Famine Strikes North Korea Summary

  • Last updated on November 10, 2022

Rigid government control intensified by a series of catastrophic calamities brought on a famine of epic proportions in North Korea during the mid-1990’s. Despite worldwide response, Premier Kim Jong Il failed to implement necessary structural changes to prevent future crises from occurring in his country.

Summary of Event

The emergence of Kim Jong Il as premier of North Korea after the death of his father, Kim Il Sung, in July of 1994, marked the first time a change in leadership occurred in the country since the promulgation of the Democratic People’s Republic of Korea (DPRK) in 1948. Unfortunately, however, the effects of the sixty-year dictatorship of father and then son had precipitated negative economic growth since 1989. In 1995, severe flooding weakened an already vulnerable economy and hastened a devastating famine that killed between 900,000 and 2.4 million people, threatening to topple the socialist state. Famine;North Korea Agriculture;North Korea [kw]Famine Strikes North Korea (1995-1998) [kw]North Korea, Famine Strikes (1995-1998) [kw]Korea, Famine Strikes North (1995-1998) Famine;North Korea Agriculture;North Korea [g]East Asia;1995-1998: Famine Strikes North Korea[09090] [g]Koreas;1995-1998: Famine Strikes North Korea[09090] [c]Disasters;1995-1998: Famine Strikes North Korea[09090] [c]Environmental issues;1995-1998: Famine Strikes North Korea[09090] [c]Agriculture;1995-1998: Famine Strikes North Korea[09090] Kim Jong-il Kim Il Sung Kim Young Sam

Although flooding was the immediate catalyst of famine in North Korea in the mid-1990’s, it was not the sole cause of the crisis. The state’s traditional isolation from the world’s healthiest economies resulted in its limited economic base, ultimately rendering it vulnerable to internal and external forces.

In keeping with his party’s adoption of economic self-reliance, the elder Kim had encouraged his country to grow subsistence crops such as maize, potatoes, rice, and other essentials to discourage exporting from the global economy. (North Korea, however, never attained complete financial independence, as it relied heavily on the Soviet Union and Communist China.) Ironically, rampant malnutrition followed after Kim Il Sung’s relentless drive to achieve self-sufficiency, which resulted in the overuse of North Korea’s prime land (only 1.85 million hectares of arable land exists, with a short growing season that lasts from June to October). Additionally, farmers utilized chemical fertilizers, which further depleted the already taxed soil. The net result yielded worrisome food shortages even before the flooding of 1995.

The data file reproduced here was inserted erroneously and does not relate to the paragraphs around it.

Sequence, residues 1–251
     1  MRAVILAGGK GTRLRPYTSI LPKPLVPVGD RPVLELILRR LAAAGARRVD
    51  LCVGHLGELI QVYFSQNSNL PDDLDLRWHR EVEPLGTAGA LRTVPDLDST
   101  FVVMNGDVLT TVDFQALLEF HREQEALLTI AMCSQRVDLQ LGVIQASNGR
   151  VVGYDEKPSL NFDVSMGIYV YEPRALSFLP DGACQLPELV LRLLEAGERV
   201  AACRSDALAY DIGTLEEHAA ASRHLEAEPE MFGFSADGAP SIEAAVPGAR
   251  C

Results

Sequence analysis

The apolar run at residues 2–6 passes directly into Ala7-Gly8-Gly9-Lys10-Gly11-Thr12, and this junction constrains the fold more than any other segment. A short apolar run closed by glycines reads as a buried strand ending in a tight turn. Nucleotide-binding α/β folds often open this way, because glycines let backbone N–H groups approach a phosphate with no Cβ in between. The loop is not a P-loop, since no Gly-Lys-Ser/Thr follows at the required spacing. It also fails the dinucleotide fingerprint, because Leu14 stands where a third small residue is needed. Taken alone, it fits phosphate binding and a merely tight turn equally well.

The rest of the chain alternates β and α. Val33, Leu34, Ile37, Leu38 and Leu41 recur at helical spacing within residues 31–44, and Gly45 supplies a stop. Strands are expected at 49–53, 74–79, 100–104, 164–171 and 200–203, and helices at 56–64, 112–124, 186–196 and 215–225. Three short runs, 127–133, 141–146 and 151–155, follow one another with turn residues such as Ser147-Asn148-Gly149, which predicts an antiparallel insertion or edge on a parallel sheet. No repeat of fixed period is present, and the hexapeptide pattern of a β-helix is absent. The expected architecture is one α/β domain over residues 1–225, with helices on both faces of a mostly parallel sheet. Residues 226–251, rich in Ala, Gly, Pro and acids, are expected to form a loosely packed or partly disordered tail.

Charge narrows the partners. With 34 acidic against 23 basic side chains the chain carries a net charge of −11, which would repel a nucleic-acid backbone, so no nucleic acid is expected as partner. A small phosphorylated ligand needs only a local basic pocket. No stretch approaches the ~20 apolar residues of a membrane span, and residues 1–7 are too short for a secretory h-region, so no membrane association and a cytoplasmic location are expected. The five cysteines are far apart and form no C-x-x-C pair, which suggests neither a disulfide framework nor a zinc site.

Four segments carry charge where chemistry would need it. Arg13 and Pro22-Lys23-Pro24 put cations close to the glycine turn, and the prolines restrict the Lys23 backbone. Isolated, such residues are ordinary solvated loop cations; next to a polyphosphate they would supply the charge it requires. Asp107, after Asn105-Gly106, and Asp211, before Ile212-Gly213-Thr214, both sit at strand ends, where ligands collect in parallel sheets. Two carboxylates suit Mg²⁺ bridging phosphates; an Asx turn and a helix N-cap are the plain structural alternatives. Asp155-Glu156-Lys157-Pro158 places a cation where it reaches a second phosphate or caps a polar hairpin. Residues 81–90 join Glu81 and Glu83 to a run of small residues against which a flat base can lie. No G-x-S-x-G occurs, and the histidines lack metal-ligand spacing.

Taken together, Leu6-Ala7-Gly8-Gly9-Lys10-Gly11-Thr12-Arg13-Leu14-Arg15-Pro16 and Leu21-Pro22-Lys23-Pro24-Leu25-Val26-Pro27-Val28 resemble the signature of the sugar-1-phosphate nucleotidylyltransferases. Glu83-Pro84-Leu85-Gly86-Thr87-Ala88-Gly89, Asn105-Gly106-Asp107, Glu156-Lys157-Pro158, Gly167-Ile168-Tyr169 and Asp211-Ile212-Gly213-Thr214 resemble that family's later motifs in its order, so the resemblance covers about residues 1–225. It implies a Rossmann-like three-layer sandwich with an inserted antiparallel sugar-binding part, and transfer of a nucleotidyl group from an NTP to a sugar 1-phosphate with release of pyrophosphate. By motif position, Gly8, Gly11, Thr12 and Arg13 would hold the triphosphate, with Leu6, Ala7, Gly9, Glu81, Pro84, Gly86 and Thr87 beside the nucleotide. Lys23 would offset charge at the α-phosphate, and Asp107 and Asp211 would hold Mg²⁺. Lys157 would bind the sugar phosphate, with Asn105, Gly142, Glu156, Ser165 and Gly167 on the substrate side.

Appealing to the national will, Kim Il Sung in 1991 announced that his people should consume two meals a day in the name of patriotic self-reliance. Despite his call for solidarity, food riots resulted two years later. North Korea’s state distribution system, in operation prior to the crisis, had been required to provide 600-700 grams of food for the average citizen. The military and state officials were allotted additional grams because of their status. Nonetheless, as the 1990’s progressed, food quotas were rarely, if ever, met, and many trekked to China, desperately searching for food.

Compounding an already unstable economic situation, China, North Korea’s primary trade partner after the fall of the Soviet Union in 1991, severely limited its foreign exchange and further demanded hard cash for its exports. With a weak economic base and a falling food supply, North Korea could not meet China’s demands and faced almost certain economic ruin.

In July, 1995, severe flooding rocked the already precarious economic environment in North Korea when twenty-three inches of rain flooded premium North Korean soil; the northwest provinces of North P’yŏngan and Chagang were especially affected. An estimated 15 percent of all land destroyed was considered to be of the highest quality. Not only were people malnourished, but also major power outages caused a sharp dip in industrial and agricultural output and adversely affected medical supplies.

In response, individual farmers began to fend for themselves by hoarding grain and concentrating on subsistence rather than communal farming, thereby defeating the ultimate purpose of a socialist economy. In an unprecedented move that summer, the former Hermit Kingdom sought global resources by petitioning individual countries and U.N. agencies.

Even before the floods hit, North Korea had petitioned Japan and South Korea (the Republic of Korea, ROK) for food. Within a year, however, ROK’s leader Kim Young Sam, who promised to contribute 150 tons of rice, appeared to have a change of heart after his party suffered defeat at the polls on June 27. After his initial delivery of rice, Kim Young Sam not only refused further aid but also discouraged other countries from doing the same. Hoping to unite Korea under his republic, he sought to accelerate the demise of his enemy to the north. The ROK’s policy toward North Korea would change in 1998 when Kim Young Sam was ousted from office.